Retirement

PART 3: When to start saving for retirement

The accepted wisdom is that you need to start saving for retirement as soon as you are employed, but if you are late it is worthwhile to start as soon as possible.

A century ago Albert Einstein shook the foundations of our understanding of the universe when his theories of relativity changed the way we think about space and time. His theories reframed time as a relative and subjective experience. Although science may now think differently about time, our everyday experience continues to tick over in a clock-like fashion. And it is this constant stream of future becoming present becoming past that gives time its economic value.

Time is an irreplaceable resource

You can’t buy or sell it. And nowhere is this more apparent than when you need to make a long-term decision: like when to start to save for your retirement. The more time you dedicate to your retirement savings, the less you need to invest and vice versa.

The chart below illustrates this point. If you started investing for retirement at the age of 25 with R1 000 a month until you reached retirement age, you would have R5 550 348 by 65 (assuming 10% annual return). The remarkable story here is that 91.4% of your final sum would come from compounding, which means you would have only paid R480 000 over four decades to reach the total amount.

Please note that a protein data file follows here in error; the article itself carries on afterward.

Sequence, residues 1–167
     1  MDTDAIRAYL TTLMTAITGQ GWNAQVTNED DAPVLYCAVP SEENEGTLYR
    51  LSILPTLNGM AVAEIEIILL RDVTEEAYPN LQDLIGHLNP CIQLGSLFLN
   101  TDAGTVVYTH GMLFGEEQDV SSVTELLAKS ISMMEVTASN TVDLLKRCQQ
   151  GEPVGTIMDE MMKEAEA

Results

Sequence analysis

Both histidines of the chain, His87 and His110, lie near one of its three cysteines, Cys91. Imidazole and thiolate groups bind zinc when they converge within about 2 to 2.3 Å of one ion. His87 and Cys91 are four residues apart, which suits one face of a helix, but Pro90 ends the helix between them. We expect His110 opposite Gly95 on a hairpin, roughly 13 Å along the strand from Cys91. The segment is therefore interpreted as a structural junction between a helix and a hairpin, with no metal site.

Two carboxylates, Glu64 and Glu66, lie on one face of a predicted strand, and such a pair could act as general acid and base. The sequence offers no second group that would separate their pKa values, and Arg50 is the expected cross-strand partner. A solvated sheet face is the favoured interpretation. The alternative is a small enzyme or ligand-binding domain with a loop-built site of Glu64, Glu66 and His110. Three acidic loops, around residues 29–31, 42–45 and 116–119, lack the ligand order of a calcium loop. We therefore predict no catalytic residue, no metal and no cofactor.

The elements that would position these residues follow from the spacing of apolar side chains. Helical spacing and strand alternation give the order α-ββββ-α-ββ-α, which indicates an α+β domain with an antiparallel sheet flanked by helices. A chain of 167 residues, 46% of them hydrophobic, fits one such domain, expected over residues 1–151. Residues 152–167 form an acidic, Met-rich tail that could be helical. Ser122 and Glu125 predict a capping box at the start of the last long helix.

Investment growth over 40 years

Time allows compounding to vastly increase a small sum by creating a snowball effect. Imagine rolling snowballs down two peaks, one higher than the other. Naturally the snowball rolling down the higher peak will collect more snow and result in a bigger snowball when it gets to the foot of the hill. The higher peak represents our younger saver: in the same way the interest earned in the first year of saving is added to the capital sum and increases the interest earned the next year and so on and so forth. The bigger the snowball gets the more snow it collects as it rolls down the hill.

The second shorter peak, representing a 35-year old, will result in a smaller snowball with the same sized starting ball. The shorter runway means the snowball has less time to accumulate. The same is true of your retirement savings. The more interest you earn earlier, the higher the interest on interest will be. Table 1 illustrates this point.

Impact of delaying your retirement

The point of this analogy is to show the snowball effect of compounding only works for you if you give it time. Start early or start now – just make sure that you do not waste any time that could help your investments grow.

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